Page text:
Occupational therapy (OT) focuses on a variety of physical and functional impairments. One main component of OT intervention is upper-body strengthening after injuries such as tendinitis, trauma or stroke. In conjunction with traditional weighted exercises, occupational therapy strengthening activities for adults help improve your muscle strength and endurance. These activities can also target additional issues such as problem solving, safety, balance and direction following. By understanding the purpose of the tasks your occupational therapist provides, you can appreciate the functional outcome associated with the otherwise non-functional tasks.
Play Some Ball
Tossing a ball is generally considered a children's task. However, your OT may use a modified ball toss to help strengthen your muscles. Initially, by tossing a lightweight ball, like a beach ball, you can increase your range of motion and basic strength. As you advance, your therapist may use a heavier ball or weighted cuffs around your wrists to increase the intensity. For maximal strengthening, toss a medicine ball while standing to improve balance and provide significant total body strengthening.
Fine Motor Activities
As you initially recover, your muscles will fatigue with simple activities such as putting pegs into a hole or twisting nuts onto bolts mounted on a board. To further increase your strength, your therapist will challenge you by adding sequentially heavier weighted cuffs to your wrists while completing these tasks. By increasing the time you perform the task without a rest, you can improve your muscle endurance as well. Fine motor activities can be combined with standing balance activities in occupational therapy to help reduce your risk of fall during functional activities.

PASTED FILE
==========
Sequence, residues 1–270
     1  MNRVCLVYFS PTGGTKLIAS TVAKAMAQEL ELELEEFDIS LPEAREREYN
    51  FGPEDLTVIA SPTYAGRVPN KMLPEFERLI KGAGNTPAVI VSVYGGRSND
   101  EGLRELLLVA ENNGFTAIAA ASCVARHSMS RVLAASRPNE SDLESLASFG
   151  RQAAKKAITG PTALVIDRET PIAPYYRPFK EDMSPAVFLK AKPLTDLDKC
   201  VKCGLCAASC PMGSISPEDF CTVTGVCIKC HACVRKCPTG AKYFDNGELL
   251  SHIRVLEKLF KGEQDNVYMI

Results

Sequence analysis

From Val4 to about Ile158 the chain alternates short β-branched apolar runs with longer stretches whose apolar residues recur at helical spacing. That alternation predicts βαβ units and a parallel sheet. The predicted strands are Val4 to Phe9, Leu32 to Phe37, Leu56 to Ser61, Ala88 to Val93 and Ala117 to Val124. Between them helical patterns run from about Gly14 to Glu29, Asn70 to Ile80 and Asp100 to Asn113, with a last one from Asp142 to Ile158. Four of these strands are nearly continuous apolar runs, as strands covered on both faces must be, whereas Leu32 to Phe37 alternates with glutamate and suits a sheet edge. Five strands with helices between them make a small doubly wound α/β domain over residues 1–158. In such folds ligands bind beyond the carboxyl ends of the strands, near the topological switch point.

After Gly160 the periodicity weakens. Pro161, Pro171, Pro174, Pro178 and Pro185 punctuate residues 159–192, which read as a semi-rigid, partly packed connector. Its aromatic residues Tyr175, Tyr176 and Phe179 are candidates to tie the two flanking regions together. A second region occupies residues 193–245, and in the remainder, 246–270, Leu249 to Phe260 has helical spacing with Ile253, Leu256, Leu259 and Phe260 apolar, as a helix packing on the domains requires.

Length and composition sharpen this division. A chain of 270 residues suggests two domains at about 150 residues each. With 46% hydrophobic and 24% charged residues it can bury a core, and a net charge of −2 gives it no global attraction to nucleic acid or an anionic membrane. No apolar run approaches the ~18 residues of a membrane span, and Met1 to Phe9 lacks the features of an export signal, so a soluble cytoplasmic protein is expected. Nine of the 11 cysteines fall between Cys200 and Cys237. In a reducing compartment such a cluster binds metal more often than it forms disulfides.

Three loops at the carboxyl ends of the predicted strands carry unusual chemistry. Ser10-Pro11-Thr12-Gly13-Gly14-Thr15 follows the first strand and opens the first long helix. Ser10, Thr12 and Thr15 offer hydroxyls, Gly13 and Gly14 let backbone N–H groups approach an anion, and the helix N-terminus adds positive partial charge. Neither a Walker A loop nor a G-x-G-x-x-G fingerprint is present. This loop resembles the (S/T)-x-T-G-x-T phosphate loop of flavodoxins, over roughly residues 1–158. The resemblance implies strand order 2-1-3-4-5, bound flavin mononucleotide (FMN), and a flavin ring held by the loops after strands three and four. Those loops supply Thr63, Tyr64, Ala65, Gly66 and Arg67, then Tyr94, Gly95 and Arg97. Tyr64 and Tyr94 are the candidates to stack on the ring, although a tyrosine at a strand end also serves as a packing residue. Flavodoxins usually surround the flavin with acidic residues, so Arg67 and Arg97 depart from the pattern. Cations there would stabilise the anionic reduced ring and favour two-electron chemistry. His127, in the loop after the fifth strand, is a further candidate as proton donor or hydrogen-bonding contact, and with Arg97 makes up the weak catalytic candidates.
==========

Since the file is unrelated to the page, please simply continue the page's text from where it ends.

Try the Arm Bike
The arm bike, or upper body ergometer, is often a staple among upper extremity strengthening exercises for occupational therapy. In addition to traditional dumbbell exercises, your occupational therapist will use an arm bicycle to improve your arm strength. Beginning with several minutes of arm cycling at a time, your therapist will add intensity by turning up the cycle's resistance or by increasing the amount of time before a rest break. Practicing this alternating arm movement is helpful because it simulates arm swing that naturally occurs with walking.
Occupational Therapy Activities for Adults
As your arm muscles are strengthened, you can begin to participate in more functional tasks. Your therapist may have you fold laundry to further strengthen your muscles. By folding a large item, such as a comforter, your muscles can get stronger. Additionally, your therapist may have you wear weighted cuffs while you sit and fold laundry. Your overall increased muscle strength and endurance will allow you to physically participate in functional life activities such as meal preparation and getting dressed.
Other Occupational Therapy Benefits
In some cases, strengthening exercises can't adequately restore function in the upper body, such as frequently occurs after stroke. Occupational therapy practitioners use adapted equipment in therapy activities to practice one-handed techniques for daily tasks such as dressing, preparing food and using a computer.